Other students do not have an opinion on the new platform but believe it is important to keep up with schoolwork during this time. Junior Jacob Gray said, “I mean since the rest of the world is doing Zoom and online learning then I think we should do it too.”
The sudden end to the school year surprised students of all grades, but it is hitting the seniors especially hard. They still have to finish out their education to graduate high school knowing they will not step foot inside the hallways of CHS as students again. Unfortunately for seniors, their year will have to end over a screen with a virtual graduation, but there is hope that everyone will be able to get together for a normal ceremony in mid-summer or fall.
Last week, the District held a “Be the (Porch) Light” event that encouraged residents to turn their lights on for seniors, and the lights at Doc Harris lit up the night sky, too.
Now one major senior focus is finishing and presenting a senior project a graduation requirement for all students at Camas High School. CHS administrators are changing regulations to allow students to continue working on their projects from home.
Principal Mr. Tom Morris said, “We’ve heard from more kids that want to continue with their project and want to do something to finish than we have the other way around. “ Associate Principal Tim Fox is working closely with seniors and already announced the hour requirements are cut down to fifteen.
Tehrani appreciates the flexibility administrators are showing. “Obviously it’s not how we expected senior year to end, but I’ve been trying to make the best out of the situation, and I think that seniors are still going to get the experiences they deserve and hope for!”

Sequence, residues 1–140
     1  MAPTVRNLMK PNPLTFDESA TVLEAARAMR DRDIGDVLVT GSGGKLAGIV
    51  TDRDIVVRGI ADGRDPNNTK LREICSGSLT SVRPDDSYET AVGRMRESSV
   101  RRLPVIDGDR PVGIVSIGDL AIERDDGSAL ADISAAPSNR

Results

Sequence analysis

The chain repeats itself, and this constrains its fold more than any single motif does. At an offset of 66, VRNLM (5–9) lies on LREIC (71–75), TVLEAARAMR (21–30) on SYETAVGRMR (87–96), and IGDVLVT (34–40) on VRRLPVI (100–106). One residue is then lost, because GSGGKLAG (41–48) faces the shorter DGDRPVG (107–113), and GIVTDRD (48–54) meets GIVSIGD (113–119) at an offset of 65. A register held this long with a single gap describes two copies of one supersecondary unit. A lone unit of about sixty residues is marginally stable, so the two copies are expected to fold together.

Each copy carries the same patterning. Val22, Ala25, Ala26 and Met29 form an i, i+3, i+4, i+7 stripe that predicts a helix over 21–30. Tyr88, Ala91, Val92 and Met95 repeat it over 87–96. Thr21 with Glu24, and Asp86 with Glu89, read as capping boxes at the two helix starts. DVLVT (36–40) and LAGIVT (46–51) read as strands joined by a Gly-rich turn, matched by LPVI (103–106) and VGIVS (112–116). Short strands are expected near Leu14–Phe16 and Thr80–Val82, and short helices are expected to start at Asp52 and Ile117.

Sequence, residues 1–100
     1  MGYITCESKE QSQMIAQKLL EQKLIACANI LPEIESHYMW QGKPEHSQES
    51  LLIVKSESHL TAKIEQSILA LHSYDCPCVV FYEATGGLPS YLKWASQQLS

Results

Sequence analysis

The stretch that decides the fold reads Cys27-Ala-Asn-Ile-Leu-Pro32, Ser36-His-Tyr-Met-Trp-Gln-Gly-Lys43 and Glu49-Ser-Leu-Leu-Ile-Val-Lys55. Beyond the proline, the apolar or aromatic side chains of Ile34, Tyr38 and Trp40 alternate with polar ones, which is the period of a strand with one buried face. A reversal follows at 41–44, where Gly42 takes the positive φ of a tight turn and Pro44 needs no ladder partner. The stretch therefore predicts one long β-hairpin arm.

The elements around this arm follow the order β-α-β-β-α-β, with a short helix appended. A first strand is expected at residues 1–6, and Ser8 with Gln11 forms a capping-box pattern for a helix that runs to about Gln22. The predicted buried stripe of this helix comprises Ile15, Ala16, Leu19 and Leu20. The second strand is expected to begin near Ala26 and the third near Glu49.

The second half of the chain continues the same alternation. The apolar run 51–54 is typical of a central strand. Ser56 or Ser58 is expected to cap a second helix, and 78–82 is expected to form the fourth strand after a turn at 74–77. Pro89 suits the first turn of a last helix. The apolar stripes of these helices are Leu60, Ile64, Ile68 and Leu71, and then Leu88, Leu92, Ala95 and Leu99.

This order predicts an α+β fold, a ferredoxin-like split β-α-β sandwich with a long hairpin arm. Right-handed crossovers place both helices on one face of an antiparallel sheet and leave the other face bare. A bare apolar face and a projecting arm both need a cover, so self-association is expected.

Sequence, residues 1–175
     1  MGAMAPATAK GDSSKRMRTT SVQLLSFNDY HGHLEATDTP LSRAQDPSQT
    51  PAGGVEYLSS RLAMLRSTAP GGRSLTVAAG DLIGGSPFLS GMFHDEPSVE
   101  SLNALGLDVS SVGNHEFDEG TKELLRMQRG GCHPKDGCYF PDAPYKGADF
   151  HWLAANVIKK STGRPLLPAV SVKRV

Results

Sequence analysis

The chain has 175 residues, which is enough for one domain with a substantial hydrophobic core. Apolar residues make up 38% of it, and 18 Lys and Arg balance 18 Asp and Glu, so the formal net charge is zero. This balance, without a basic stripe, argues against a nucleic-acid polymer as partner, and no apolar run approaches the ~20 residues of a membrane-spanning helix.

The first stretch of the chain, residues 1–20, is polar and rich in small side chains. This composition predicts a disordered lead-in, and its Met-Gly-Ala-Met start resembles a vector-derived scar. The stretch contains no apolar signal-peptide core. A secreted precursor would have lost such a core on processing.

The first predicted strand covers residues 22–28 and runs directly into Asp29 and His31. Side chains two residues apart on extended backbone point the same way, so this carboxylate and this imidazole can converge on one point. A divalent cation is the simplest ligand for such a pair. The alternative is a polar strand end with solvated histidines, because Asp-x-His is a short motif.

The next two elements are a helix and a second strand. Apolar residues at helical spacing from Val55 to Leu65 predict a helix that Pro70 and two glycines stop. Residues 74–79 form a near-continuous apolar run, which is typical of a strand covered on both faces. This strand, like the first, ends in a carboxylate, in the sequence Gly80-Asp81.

Several CHS seniors have contributed op-eds to The Camasonian that reflect a similar, positive outlook. Read their stories here.
Although the grading system for all students the past four weeks has been unclear, Morris encourages students to engage in learning. He said, “When we looked at that remote learning schedule, teachers are asked to do 30-45 minutes of work per day. I’m encouraging students to create a schedule where you go through and do that. Typically you’re at school six hours of class with lunch and travel time it’s more. So, instead of ten hours a day, we’re asking you to do three to four.”
Students will be able to choose how they are graded for the rest of the school year. Snell said, “Governor Inslee didn’t get into the specifics, but he said there couldn’t be any harm to students moving forward. We have to figure out well, what does that mean? What we’ve done is, similar to a lot of districts, there would be a credit incomplete or no credit option and then their grades wouldn’t be impacted if they feel like they couldn’t engage in the learning. The other option is to continue with grades. Doing the work the best they can and asking teachers to grade them.”
The option that students choose is completely up to them and their families, but they will let their teachers know by a target date of June 1st. This decision is especially important for future college athletes.